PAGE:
<Patrick Chan Friday night in London, Ontario; PHOTO – Paul Chiasson/Canadian Press> 22-year-old PATRICK CHAN has won his third World Figure Skating Championship, the first man since Russia’s ALEXEI YAGUDIN (1998-2000) to win three consecutive world titles. His score: 267.78.
In the wee hours of Thursday morning, TORONTO TRANSIT COMMISSION engineers were testing the first of 204 new streetcars, scheduled to go into service in 2014. The new cars are much longer than today’s fleet, measuring about 30 metres (approximately 90 feet) from end to end. According to the TTC, all went well. <PHOTOS – Toronto Transit Commission> “Around 1:30 a.m., (my) fantasy became a reality. At a red light at Dundas and Spadina, there it was: the gleaming, red and white test car, like a visitor from some strange and advanced cityscape, making its way south on Spadina’s dedicated tracks. The 30-metre-long mini-train, capable of reaching speeds up to 70 km/h, moved slowly, almost cautiously, flanked on either end by two of its out-of-service ancesters, which functioned as bodyguards . . . A simple U-turn put the streetcar in our rearview mirror. It sped off into the night, disappearing from sight, back into the future.” – an encounter with TORONTO’s new test streetcar on a late-night trial run, by Rob Duffy/The Grid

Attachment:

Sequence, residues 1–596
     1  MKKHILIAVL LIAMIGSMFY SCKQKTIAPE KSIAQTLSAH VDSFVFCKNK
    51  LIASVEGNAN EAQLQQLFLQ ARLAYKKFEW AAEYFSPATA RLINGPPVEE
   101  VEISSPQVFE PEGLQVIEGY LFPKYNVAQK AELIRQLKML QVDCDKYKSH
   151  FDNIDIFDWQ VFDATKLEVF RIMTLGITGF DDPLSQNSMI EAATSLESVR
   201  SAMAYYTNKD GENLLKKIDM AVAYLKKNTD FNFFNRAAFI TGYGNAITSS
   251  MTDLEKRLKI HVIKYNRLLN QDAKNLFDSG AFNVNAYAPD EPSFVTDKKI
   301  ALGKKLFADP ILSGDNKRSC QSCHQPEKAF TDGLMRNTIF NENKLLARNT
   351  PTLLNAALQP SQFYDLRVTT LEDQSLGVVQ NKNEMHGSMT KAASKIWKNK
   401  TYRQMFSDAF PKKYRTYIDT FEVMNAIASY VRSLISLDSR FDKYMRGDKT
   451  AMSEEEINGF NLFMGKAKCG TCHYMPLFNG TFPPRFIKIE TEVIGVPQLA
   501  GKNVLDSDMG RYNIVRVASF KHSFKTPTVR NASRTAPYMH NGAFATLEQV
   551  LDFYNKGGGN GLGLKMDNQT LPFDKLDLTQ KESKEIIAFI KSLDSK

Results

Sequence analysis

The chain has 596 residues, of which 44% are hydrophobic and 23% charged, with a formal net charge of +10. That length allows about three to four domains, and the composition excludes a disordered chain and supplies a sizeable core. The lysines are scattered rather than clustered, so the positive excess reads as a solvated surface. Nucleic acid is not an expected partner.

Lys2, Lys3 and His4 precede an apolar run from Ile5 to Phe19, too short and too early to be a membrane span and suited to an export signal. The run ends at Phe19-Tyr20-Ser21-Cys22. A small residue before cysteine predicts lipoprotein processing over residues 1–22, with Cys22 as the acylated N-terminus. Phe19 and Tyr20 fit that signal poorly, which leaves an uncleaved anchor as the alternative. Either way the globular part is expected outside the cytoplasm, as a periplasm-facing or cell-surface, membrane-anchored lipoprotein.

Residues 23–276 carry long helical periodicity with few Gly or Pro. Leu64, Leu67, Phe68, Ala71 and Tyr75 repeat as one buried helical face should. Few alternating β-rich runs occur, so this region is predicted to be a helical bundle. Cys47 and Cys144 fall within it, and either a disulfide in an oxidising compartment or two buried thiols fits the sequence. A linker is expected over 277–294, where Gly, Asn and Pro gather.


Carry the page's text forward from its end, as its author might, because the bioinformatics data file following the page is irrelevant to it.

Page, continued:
St. Michael’s Choir School, founded in 1937, is sending its famous boy’s choir to perform for newly-installed Pope Francis. Some 190 students sang at Vatican City’s Basilica of Saint Peter on April 7 – as part of a mass conducted by the Archbishop of TORONTO, Thomas Cardinal Collins. The appearance will mark the first Vatican performance for St. Michael’s Choir School in 16 years. The school is located at 69 Bond Street.
On loan from the North Carolina Museum of Art, the PERUZZI ALTARPIECE will be one of 90 artifacts from 14th-century FLORENCE on exhibit at the Art Gallery of Ontario, March 16 – June 16/2013. After 4 months in LOS ANGELES at the J. Paul Getty Museum, the show – “Revealing the Early Renaissance – Stories and Secrets in Florentine Art” – will make its only Canadian stop in TORONTO.
Thanks to stable prices and a low vacancy rate, TORONTO’s real estate market is booming. But the sale of a multi-million dollar penthouse is a novelty, and still makes big news.
<Bloor Street West in 1960, CIL Building with apartment on top, behind streetcar> One such apartment (953 square metres, 30 foot ceilings, four bedrooms, reputedly designed by American architect PHILIP JOHNSON) rests 13 storeys above Bloor Street West on top of the old CIL office building. It was put there by businessman NOAH TORNO and his wife ROSE, who thought that living above an office building was a cool idea. They were encouraged by friends who had an apartment above Bergdorf-Goodman in NEW YORK.The building’s present owner, JON LOVE, estimates there are probably fewer than 100 people in TORONTO who could buy the landmark condo. But foreign buyers – mostly from Russia, the Middle East and South America – are willing and able. Last year, the new Four Seasons penthouse on Bay Street sold for $28 million to a foreign buyer – a Canadian record.The World’s Richest Cities/2012, according to KNIGHT FRANK. List of inhabitants with at least $30 million in net assets.